Beaverhead County, named for the prominent, ancient landmark on the Beaverhead River at the corner of Madison and Beaverhead county, was the first rural place I visited in Montana after my arrival in Helena in 1981. Why? No pressing reason, except that the place name of Wisdom called out to me.
Our first stop was at Fetty’s, a classic Montana bar that friends tell me burned a few years ago. In its place now stands The Crossing at Fetty’s, also a good place but a bit more upscale than the old c. 1930s bar/cafe. The new place wasn’t the only change in Wisdom. There was a new public school building and a new post office.
These were just the first of the changes since 1982. Wisdom is still the tiny homesteading era town that I recalled. Key community landmarks remain: witness the two-story Craftsman-style Masonic Hall and Gothic-styled church building.
The town’s large community hall remains in constant use. The separate Women’s Club
building once welcomed ranch wives and daughters to town, giving them a place to rest and providing a small library of books. It has been converted into a small lodge for skiers and hunters–a great small town example of adaptive reuse.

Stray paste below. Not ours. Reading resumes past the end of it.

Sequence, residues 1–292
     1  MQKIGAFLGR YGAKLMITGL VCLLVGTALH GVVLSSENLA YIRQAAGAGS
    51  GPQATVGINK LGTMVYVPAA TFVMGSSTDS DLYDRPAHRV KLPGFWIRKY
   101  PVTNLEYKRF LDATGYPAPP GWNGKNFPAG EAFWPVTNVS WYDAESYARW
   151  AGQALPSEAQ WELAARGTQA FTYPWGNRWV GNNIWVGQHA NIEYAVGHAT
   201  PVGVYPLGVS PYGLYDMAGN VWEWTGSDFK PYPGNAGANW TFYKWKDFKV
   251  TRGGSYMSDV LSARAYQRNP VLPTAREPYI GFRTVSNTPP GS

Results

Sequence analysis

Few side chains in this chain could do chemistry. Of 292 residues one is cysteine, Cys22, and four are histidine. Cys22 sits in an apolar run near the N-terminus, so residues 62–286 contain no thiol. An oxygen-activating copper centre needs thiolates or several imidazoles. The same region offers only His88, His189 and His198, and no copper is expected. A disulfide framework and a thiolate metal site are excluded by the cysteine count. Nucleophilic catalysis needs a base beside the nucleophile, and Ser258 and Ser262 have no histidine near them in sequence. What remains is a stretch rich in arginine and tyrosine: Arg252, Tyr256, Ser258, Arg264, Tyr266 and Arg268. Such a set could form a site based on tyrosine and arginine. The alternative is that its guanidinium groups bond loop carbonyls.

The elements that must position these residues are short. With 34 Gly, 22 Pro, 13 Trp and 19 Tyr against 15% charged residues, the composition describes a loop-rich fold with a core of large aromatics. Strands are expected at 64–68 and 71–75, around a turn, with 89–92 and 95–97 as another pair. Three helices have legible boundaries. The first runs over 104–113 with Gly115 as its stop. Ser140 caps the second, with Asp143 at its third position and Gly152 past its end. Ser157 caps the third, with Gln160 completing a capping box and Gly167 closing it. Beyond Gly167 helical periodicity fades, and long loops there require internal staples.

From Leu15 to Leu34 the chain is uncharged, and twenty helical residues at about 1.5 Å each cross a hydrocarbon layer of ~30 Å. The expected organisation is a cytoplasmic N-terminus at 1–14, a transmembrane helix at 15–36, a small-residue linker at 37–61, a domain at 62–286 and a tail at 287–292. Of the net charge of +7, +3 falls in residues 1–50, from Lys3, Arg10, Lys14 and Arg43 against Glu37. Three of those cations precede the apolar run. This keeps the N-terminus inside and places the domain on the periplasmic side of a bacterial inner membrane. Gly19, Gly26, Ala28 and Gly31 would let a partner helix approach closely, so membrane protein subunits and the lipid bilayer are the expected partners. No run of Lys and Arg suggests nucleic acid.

Of course the major landmark for travelers through Wisdom in the late 20th century was Conover’s Trading Post, a two-story false front building–clearly the most photographed place in town, and inside a classic western gun and recreation shop.
But the Conover’s facade, even the name, is no more. Not long after my 2012 visit to Wisdom, new owners totally remade the building and business, opening a new store named Hook and Horn.
One significant property I sought out in 2012 was the town cemetery, a resource type that I had ignored almost totally across Montana in the initial state historic preservation plan work. The cemetery marks the town’s height of population during the early twentieth century, and contains several interesting grave markers, including the headstone for Frederick Finsley, a veteran of the Civil War who served in a Union regiment from West Virginia, and the cast metal obelisk for the Gallen family.
Wisdom was where I started my exploration into Montana over 30 years ago. But, surprisingly, during the 1984-1985 state historic preservation plan work I sorta glossed over Beaverhead County, and didn’t spend the time there that I should have. In my new work I was determined not to repeat that mistake and have spent four long days in the county, exploring well known historic places (Big Hole National Battlefield, Bannock State Park) and even more time at the not so well known. In the next posts I want to consider the diverse types of landscapes that make up this county, from ranching to mining to railroad towns to river towns to special Native American landscapes.